Taking advantage of 'staycations'

By: Mike Rose, Austin Daily Herald

Amid an economic recession, many Americans are expected to take more locally-based vacations this summer, which is good news for a newly remodeled local park.

Beaver Trails Park in Austin became a national Jellystone Park in April. With Yogi Bear and friends on board the park has already seen about a 20 percent boost in visitors, owner Laura Tolner said, and hopes to see even more customers over the summer, as people are expected to still travel but might stay closer to home to keep costs down.

This idea has been dubbed “staycationing” and is something the Minnesota tourism industry is preparing for, Austin Convention and Visitors Bureau Executive Director Cheryl Corey said.

“People are definitely still traveling, and that’s the good news,” she said about the trend.

Still, the economic downturn is having some effect on travel. The U.S. Travel Association is projecting a 2.2 percent decline in travel this summer, and recent survey results from an Explore Minnesota poll show that tourism businesses in the state are generally anticipating a slight decline in occupancy and revenue.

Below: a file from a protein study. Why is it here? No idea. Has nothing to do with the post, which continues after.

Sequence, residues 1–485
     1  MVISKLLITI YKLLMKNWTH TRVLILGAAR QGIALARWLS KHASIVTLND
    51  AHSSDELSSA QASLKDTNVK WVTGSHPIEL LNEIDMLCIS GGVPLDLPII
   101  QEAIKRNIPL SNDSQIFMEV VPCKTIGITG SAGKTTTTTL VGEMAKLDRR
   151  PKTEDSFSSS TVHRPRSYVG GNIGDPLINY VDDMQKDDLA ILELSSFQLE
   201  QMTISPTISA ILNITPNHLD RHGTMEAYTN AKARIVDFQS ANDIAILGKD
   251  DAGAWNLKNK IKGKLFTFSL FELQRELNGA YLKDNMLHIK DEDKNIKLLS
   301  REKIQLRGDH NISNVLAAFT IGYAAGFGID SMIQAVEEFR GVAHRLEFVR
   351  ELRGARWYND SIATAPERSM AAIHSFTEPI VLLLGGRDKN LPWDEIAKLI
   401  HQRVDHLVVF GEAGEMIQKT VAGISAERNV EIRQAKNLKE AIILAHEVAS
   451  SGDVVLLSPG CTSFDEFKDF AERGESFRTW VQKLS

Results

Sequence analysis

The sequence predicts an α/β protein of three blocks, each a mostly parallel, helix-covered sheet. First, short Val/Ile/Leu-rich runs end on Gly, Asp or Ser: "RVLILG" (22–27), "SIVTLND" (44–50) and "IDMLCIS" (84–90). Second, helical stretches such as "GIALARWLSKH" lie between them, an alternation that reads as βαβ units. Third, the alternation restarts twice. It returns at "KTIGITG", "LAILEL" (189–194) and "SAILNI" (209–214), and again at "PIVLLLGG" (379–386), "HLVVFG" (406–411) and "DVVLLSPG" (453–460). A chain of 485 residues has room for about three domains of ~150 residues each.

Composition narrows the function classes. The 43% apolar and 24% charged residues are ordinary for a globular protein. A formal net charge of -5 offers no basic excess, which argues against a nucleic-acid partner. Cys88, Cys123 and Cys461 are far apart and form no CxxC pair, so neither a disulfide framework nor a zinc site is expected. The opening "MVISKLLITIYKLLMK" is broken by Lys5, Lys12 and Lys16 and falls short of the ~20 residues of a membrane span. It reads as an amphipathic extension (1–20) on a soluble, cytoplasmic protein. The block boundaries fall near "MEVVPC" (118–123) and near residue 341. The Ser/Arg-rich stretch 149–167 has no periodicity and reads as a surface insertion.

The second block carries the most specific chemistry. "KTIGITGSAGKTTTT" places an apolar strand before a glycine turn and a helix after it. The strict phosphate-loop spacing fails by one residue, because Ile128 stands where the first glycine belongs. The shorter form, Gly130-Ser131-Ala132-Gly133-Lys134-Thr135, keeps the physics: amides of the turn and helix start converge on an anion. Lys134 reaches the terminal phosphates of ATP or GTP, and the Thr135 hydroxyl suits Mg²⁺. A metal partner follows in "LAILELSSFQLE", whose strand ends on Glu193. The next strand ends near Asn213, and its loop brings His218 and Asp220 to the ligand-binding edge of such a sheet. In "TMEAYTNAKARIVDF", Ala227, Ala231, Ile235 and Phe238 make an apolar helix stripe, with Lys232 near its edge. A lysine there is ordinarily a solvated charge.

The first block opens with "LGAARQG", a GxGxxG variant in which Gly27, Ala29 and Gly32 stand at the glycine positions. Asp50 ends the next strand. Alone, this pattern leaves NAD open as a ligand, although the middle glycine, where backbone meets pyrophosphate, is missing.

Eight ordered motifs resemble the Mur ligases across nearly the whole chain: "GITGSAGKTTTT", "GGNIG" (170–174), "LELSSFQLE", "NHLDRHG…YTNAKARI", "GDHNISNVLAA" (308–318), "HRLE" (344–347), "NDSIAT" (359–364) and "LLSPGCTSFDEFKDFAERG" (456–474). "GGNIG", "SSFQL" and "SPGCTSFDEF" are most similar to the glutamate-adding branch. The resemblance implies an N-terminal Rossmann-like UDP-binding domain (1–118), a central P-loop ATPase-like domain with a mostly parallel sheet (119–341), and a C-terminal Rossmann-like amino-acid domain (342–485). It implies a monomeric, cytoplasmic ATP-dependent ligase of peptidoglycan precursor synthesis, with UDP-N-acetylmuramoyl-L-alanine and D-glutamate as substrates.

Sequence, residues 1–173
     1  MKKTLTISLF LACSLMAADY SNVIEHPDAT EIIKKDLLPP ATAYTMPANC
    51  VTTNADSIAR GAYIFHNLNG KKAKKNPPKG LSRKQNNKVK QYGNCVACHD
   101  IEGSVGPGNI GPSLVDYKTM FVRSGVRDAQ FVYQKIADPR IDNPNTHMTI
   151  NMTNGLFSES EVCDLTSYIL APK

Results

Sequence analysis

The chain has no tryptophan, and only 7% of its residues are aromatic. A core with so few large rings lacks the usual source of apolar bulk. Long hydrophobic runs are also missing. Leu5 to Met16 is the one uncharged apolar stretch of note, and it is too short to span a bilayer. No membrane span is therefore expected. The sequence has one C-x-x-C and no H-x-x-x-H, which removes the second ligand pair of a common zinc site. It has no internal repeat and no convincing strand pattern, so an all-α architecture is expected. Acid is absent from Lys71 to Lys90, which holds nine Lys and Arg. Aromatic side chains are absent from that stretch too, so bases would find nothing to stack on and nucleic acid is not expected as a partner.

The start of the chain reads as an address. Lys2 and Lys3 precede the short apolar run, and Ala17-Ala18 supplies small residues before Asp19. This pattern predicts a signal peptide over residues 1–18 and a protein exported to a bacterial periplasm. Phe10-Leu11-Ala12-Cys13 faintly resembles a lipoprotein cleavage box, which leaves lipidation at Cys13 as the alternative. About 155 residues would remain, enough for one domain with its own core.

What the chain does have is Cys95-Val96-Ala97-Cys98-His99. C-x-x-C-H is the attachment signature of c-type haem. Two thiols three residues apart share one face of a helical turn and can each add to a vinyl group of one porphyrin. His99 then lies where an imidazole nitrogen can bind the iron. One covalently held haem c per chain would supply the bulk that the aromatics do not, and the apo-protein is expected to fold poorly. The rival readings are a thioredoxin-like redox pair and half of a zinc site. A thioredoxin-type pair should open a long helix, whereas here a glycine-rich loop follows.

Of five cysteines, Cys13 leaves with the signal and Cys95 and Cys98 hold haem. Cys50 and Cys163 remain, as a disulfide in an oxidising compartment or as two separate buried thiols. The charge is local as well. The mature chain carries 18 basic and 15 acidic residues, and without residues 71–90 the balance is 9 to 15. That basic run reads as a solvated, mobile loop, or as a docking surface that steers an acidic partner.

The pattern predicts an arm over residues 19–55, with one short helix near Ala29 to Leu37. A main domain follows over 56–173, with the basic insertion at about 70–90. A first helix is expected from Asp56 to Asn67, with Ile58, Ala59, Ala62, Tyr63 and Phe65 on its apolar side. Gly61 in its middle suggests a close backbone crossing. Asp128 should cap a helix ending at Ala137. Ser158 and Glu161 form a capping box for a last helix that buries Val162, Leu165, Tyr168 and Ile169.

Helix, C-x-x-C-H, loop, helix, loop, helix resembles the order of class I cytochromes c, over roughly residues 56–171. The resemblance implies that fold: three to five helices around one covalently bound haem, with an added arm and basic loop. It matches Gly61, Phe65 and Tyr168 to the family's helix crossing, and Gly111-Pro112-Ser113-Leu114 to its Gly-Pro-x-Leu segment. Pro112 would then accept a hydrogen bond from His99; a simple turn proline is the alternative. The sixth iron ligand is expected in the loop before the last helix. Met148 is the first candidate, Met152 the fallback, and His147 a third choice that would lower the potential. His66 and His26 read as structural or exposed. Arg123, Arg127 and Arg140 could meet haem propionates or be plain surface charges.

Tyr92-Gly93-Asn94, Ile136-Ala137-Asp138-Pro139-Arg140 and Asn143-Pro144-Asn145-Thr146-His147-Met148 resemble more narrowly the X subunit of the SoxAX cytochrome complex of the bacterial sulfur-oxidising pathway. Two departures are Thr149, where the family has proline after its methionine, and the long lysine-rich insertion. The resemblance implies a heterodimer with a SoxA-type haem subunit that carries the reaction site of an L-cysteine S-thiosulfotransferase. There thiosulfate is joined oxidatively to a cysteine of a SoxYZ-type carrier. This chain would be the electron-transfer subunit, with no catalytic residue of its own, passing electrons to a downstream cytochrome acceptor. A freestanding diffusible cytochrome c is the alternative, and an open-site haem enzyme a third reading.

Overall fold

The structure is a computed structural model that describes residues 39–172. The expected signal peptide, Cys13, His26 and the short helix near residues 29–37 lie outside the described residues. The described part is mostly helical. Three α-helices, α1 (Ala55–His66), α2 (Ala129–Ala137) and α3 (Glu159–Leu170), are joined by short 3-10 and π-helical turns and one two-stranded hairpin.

But the forecast isn’t all doom and gloom, according to some industry leaders.

“We are going to see people traveling closer to home, but they still want to get away,” John Edman, director of Explorer Minnesota Tourism, said in a press release.

Roger Dow, president of the U.S. Travel Association, said in a press release that American travelers are resilient.

“Travelers’ resilience is good news for the travel industry and the entire American economy,” he said. “According to our forecast, Americans will do their part this summer to stimulate the economy, save and create jobs and strengthen communities from coast-to-coast.”

While longer, extravagant trips might be out, shorter, local trips seem to be gaining in popularity, according to national and state surveys. In addition, people across the country and in Minnesota are expected to book trips closer to the departure date, an indication that more people are being cautious about committing to big vacations.

All of the talk about closer-to-home travel is certainly good news to Tolner and her Jellystone Park, the first in Minnesota. While she said they do national advertising through Jellystone, the park still has a good amount of local advertising and draws many of its visitors from about a 90-mile radius.

Tolner said she hasn’t noticed a drop-off in visitors due to the economy yet, but said travelers to her camp may decide to bring a tent instead of an RV, or may be coming from Rochester instead of somewhere farther, like California.

Corey from the Austin CVB said “staycationing” can be a positive for Minnesota, and the state has been marketing itself to attract vacationers who might normally go to Europe of some other distant locale. She added that locally-oriented traveling will help Austin, and said the city is a good destination for travelers.

“We do have a lot to offer here in Austin,” Corey said.

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